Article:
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I came across your Easylink Biotin conjugation kit online and I would like to know if you have a way of determining your MSR after biotinylation. I would like to know the ratio of biotin per antibodies. Is this kit able to reach biotinylation levels between 6-8 biotins per antibodies?
I also would like to know if your Strepavidin Conjugation kit to conjugate antibodies provides a way to determine the ratios of strepavidin per antibodies. Is it a robust process that would conjugate all antibodies (polyclonals and monoclonals) in a consistent way?
Asked on Nov 16 2012
Thank you for contacting us.
With regard to the number of biotins, each antibody will be conjugated with multiple biotins, getting up to 6 or 8 biotins per antibody is feasible. It is important to remember that you only need one biotin attached to enable the biotinylated antibody to bind to streptavidin. There are assays available to measure biotinylation. However, in this case they will not be suitable as there is no separation step post conjugation.
With regard to Streptavidin, you can only confirm the streptavidin is attached to the antibody by size. The easiest way is to run an ID gel and measure the molecular weight. An antibody is 160KD and streptavidin is 53KD. A conjugate will therefore by 160 + 53KD (one strep) or 160 + 106 (two streps) or 160 + 159KD (3 streps). In reality you will get a mixture of all three. Also you must run a non-reducing gel otherwise you will get a mess due to all the possible combinations as both proteins are composed of subunits.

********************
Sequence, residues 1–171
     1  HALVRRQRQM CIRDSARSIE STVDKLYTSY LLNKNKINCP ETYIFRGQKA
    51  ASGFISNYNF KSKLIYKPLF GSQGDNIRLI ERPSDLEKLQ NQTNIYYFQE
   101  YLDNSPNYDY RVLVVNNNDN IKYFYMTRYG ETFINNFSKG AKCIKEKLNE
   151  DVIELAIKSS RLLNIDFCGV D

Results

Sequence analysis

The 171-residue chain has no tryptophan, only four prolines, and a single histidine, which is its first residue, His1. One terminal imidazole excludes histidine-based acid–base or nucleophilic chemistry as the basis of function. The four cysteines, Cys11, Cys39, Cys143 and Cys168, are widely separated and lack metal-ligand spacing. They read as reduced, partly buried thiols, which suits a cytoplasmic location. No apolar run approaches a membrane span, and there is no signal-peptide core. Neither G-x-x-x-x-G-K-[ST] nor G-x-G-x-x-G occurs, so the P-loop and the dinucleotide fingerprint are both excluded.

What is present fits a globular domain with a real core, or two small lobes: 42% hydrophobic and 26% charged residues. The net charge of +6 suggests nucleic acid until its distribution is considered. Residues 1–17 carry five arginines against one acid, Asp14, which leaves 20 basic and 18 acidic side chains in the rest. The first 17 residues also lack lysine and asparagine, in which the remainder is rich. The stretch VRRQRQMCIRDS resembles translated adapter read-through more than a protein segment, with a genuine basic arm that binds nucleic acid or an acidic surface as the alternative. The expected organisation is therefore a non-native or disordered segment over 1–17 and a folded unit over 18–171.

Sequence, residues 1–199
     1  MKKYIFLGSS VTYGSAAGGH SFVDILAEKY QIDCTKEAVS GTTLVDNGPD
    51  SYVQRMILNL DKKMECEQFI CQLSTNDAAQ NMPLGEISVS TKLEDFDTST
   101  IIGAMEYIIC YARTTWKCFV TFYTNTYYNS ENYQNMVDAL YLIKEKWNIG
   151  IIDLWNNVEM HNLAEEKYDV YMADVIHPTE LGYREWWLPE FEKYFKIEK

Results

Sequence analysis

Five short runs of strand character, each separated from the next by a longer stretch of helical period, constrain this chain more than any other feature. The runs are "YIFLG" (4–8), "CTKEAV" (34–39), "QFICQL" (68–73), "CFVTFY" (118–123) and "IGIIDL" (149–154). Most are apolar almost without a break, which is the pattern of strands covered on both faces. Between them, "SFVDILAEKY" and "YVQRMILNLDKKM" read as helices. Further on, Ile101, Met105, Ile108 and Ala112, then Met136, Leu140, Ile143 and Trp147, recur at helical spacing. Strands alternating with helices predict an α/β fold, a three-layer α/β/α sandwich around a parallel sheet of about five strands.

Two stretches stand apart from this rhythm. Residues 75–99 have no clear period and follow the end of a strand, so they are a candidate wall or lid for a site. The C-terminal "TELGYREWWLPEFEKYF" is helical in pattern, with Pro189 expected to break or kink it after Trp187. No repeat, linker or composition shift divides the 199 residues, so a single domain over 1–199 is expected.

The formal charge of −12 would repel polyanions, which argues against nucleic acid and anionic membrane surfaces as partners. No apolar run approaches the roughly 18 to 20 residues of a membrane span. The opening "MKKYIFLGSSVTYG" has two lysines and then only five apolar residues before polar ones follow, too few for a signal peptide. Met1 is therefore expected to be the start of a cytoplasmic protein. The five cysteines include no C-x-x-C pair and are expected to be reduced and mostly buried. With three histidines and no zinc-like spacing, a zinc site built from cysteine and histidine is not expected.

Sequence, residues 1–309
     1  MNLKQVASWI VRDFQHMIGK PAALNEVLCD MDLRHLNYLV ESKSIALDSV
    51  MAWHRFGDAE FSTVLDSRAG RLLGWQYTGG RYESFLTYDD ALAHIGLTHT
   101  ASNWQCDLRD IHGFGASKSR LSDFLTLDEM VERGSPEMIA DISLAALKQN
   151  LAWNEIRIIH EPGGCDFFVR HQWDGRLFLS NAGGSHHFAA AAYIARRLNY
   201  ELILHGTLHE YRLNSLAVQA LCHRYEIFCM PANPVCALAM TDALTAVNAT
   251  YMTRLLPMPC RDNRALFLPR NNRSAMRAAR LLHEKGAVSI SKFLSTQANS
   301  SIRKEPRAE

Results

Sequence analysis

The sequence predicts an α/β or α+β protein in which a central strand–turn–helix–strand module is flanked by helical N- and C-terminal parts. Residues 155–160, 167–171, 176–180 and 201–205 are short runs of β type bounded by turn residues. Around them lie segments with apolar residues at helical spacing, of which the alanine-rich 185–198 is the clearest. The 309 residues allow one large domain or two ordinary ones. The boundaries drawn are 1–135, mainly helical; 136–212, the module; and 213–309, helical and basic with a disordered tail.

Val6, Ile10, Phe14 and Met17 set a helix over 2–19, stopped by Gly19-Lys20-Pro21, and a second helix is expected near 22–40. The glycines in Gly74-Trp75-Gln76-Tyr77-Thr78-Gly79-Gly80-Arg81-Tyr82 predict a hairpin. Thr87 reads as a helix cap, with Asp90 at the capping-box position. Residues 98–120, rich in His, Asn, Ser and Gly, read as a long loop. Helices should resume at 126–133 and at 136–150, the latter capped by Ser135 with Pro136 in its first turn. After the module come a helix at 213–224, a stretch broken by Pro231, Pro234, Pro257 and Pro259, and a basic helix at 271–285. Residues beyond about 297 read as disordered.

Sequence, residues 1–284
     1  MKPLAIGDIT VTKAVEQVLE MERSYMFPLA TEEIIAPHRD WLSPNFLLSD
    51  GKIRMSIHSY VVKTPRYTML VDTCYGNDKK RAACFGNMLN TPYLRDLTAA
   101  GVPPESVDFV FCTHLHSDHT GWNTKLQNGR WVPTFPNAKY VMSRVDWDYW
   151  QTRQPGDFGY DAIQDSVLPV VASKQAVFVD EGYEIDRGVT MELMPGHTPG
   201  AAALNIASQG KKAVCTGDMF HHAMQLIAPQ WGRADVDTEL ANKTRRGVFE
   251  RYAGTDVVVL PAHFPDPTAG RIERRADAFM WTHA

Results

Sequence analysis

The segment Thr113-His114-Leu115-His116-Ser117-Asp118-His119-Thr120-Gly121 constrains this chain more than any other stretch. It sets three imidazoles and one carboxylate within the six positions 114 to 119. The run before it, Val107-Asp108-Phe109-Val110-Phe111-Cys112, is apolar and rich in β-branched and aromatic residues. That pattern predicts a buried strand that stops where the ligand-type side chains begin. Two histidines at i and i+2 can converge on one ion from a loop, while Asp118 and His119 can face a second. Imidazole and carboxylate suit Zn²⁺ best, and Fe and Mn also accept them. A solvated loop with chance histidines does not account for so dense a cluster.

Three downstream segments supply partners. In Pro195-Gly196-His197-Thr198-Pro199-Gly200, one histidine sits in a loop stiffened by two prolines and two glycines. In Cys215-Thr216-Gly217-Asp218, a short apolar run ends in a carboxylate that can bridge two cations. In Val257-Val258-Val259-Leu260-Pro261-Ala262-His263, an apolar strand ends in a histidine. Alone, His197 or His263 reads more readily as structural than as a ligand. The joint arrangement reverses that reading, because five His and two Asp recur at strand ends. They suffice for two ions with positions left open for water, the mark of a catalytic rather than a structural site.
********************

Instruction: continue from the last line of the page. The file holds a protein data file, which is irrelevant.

You can control the molar ratio by adding different amounts of antibody. This will guide the actual labelling to a desired ratio. For example, adding the following amounts of antibody will give different molar ratios:
100ug of antibody to 100ug of strep = 3 streps on each antibody
150ug of antibody to 100ug of strep = 2 streps on each antibody
300ug of antibody to 100ug of strep = 1 strep on each antibody
This is only a guide and it will not be absolute, as no reaction is 100% efficient.
As for the question “Is it a robust process that would conjugate all antibodies (polyclonals and monoclonals) in a consistent way?” If the same antibody, either monoclonal or polyclonal, is used in the same conditions (buffers, incubations times, etc) the results will be very reproducible. If labeling is carried out with different antibodies then there might some variation between results.
I hope this information is helpful to you. Please do not hesitate to contact us if you need any more advice or information.
Answered on Nov 16 2012